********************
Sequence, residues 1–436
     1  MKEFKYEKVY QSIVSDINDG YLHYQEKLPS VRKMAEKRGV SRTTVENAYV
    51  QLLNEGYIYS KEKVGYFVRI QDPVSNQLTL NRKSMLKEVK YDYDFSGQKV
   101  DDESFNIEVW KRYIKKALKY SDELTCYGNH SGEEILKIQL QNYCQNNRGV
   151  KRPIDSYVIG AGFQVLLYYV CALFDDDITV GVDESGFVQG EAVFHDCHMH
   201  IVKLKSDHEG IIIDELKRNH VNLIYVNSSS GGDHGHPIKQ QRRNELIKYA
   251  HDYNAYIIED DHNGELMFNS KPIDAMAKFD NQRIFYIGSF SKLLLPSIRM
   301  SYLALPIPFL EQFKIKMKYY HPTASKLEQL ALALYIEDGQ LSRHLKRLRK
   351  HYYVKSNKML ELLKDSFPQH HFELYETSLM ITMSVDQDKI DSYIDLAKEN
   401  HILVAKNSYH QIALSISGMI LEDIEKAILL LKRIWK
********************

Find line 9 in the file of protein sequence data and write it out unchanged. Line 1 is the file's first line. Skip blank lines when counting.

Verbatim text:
   351  HYYVKSNKML ELLKDSFPQH HFELYETSLM ITMSVDQDKI DSYIDLAKEN